While there have been mixed reviews of what many deemed a global work from home experiment, it seems there’s no going back to the pre-pandemic norm of full-time in-office work for all employees. Instead, most organizations will need to evolve blended virtual and physical workplace strategies.
So, what does it mean to leverage long-term teleworking? And how will a distributed team transform your workplace ecosystem?
PLASTARC convened workplace experts from Netflix, the International WELL Building Institute, EcoAmmo, and stok to answer these critical questions. The short of it: this won’t be a small change in your HR manual. Here are three things your organization needs to get right to succeed in supporting a hybrid workforce.
#1: Value your differences
For the majority of the history of the office, we’ve tried to make people work the same way in the same place. Yes, designers have recently explored creating neurodiverse environments that satisfy a more diverse set of human space needs, but they all remained in the same office setting.
This is an opportunity to value your differences. Studies have shown a range of responses to work from home mandates based on personal preferences and circumstances at home. Organizations who celebrate these differences in their workforce and provide flexible workplace options will rise above those that stick to more rigid pre-pandemic norms of office work.
This will require a difficult shift in mindset to valuing employee experience equitably instead of equally; what works best for one employee may be a nightmare for another, and organizations should strive to find solutions that allow all team members to work most productively and comfortably depending on their individual wants and needs.
As organizations create flexible work options for their teams, employers must ensure that no matter which option a team member chooses, they feel equitably supported and engaged. If working from home is advertised as an option but employees that work in the office receive greater benefits from coming to the physical workplace, remote work may feel like a lesser option, or even a punishment. To avoid this pitfall, organizations must ask themselves, “Do we really value our differences? How can we prove it?”
#2: Embrace transparency
In a hybrid workforce, many employees will be given the opportunity to decide what works best for them, but if your organization doesn’t support a culture of transparency, team members may not feel comfortable being honest with their decision.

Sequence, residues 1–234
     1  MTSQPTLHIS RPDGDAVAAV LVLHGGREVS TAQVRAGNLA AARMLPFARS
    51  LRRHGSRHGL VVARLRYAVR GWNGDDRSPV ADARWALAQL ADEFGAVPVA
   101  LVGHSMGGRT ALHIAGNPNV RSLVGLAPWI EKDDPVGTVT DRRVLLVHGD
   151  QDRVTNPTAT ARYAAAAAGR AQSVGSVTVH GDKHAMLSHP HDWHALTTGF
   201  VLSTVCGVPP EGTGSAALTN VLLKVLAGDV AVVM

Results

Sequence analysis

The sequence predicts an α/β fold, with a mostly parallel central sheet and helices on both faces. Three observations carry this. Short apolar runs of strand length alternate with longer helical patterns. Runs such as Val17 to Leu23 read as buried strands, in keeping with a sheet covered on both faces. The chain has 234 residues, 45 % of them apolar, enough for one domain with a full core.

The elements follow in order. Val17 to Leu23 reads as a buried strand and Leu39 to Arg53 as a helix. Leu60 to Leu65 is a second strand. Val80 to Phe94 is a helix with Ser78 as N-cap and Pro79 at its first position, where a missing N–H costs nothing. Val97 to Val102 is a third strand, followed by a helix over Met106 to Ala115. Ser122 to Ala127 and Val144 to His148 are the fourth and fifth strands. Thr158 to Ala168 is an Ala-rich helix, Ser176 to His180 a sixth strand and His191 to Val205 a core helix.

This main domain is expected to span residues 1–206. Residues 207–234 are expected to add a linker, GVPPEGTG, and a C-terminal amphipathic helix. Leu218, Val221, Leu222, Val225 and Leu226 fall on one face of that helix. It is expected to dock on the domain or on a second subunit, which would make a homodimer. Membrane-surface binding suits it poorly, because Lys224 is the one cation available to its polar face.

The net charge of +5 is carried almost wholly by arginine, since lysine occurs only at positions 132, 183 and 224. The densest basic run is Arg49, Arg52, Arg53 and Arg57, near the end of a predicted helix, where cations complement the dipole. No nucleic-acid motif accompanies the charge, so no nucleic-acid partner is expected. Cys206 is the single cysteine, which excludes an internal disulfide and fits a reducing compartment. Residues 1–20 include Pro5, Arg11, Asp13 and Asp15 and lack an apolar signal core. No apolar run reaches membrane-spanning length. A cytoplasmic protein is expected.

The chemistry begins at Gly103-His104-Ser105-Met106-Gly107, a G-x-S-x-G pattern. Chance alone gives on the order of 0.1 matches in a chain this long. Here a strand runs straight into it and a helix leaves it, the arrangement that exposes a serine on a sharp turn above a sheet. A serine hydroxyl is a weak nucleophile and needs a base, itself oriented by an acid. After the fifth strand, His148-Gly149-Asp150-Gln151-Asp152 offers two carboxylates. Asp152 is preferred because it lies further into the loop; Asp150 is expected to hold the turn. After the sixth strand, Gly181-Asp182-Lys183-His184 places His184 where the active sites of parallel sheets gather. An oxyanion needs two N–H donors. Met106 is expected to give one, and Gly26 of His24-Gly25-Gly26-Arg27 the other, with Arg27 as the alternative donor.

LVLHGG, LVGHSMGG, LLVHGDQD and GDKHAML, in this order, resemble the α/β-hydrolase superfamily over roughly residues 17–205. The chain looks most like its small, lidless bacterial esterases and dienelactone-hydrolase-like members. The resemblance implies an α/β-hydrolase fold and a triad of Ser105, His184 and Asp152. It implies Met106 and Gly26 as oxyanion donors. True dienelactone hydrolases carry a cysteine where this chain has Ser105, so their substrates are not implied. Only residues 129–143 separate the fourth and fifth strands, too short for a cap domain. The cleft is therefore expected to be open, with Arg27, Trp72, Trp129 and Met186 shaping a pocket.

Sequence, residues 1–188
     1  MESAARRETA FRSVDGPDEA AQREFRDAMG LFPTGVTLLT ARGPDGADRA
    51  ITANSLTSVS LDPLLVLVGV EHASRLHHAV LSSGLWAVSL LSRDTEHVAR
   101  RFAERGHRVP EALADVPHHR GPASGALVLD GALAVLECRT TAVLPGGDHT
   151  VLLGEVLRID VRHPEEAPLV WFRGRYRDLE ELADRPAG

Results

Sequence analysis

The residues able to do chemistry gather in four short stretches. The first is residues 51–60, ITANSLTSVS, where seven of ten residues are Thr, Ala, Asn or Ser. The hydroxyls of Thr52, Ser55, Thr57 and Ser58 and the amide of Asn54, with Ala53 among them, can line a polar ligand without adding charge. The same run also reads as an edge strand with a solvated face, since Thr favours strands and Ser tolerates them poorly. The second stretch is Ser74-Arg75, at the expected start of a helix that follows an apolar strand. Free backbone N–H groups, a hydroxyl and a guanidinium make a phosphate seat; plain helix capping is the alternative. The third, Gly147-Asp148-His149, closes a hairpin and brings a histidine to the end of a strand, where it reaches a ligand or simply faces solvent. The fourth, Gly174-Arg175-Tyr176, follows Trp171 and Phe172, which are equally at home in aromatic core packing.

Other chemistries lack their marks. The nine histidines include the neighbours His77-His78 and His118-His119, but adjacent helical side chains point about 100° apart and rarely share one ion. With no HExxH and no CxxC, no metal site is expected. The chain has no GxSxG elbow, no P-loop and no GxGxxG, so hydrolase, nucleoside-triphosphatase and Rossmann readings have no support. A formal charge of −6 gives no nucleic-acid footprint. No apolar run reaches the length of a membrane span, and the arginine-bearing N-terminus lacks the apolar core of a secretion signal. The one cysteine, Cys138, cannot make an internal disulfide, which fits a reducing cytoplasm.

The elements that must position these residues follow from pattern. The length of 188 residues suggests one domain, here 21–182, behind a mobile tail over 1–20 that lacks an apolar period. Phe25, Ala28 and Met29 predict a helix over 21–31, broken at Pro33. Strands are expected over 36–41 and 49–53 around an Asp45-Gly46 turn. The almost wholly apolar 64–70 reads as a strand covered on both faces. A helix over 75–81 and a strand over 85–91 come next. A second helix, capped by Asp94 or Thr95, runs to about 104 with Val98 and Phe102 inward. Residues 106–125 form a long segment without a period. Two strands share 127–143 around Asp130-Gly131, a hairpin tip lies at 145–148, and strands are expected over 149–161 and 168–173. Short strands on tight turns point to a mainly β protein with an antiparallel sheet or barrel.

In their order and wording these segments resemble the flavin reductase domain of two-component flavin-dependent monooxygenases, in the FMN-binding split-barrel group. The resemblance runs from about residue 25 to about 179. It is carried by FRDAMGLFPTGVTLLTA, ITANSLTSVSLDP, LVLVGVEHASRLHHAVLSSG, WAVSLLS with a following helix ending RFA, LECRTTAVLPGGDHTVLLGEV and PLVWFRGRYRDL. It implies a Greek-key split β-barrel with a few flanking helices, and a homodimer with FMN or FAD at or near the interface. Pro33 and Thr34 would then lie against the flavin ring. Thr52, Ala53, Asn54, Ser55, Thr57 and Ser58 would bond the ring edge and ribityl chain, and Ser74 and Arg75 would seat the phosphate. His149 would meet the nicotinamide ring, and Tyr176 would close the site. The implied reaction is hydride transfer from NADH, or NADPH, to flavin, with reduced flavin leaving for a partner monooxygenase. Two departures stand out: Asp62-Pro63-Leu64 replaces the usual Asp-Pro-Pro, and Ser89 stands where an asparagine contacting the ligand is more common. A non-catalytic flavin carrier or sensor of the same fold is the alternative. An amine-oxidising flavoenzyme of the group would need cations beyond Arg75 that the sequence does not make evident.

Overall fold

Ask yourself, “Have we created a corporate culture where people can tell their managers they enjoy working from home even if they know their managers prefer working from the office?” Teams will likely default to what their leaders do if they don’t feel they have the freedom to make the choice themselves.
In many ways, the pandemic has been an accelerator, not a disruptor. This is a gut check for your corporate culture. Organizations will quickly find out if their corporate culture devalues trust and transparency and will consequently find themselves unable to fully transition to a successfully hybridized workforce.
Building trust and autonomy into your company culture will allow your workforce to opt into the situation that suits each person best, in turn delivering results to your bottom line.
#3: Support employee wellness
Many of our clients have created beautiful, highly productive, and collaborative workspaces that put their occupants at the center of design. Now that office workers are at home, it’s imperative that these organizations continue to support their employees’ wellness beyond the walls of the workplace.
From a physical health perspective, the switch to the home office (which can be roughly translated to “bed” or “couch plus coffee table” for too many) can be a jarring transition from the ergonomics of an HQ workplace. Laptops are a great tool for travel, but humans aren’t built to use them as their sole tool for work and beyond. Helping employees with ergonomic at-home setups will protect them against negative long-term physical health impacts that may also decrease their productivity.
Maybe even more important is mental health. There are countless factors outside the role of the workplace that your team members are juggling every time they log on to their laptops. Supporting team member mental health by asking what their individual circumstances are (i.e. working parents, roommates, no air conditioning, spotty WiFi) will allow you to better meet the diverse needs of your workforce and ensure their wellness, comfort, and productivity at home. This is no easy task, and needs may shift as rapidly as the news, forcing frequent changes to keep your workforce engaged. But there are small steps to start with—beginning a meeting with something as simple as a brief wellness check-in can have profound positive impact on company culture.
A shift to a hybrid workforce is a deep investment in your organization’s culture and the long-term engagement and retention of your team members. When you value people, there is a huge return, and if your leadership misses this critical workforce evolution, you may lose talent to better-positioned organizations.
To learn more about considerations for hybridized workforces, check out the Workwell Coalition and its menu of services, as well as how organizations are continuing to address corporate emissions as they plan for an increased remote workforce. As always, reach out with questions or comments—we’d love to discuss the future of work with you.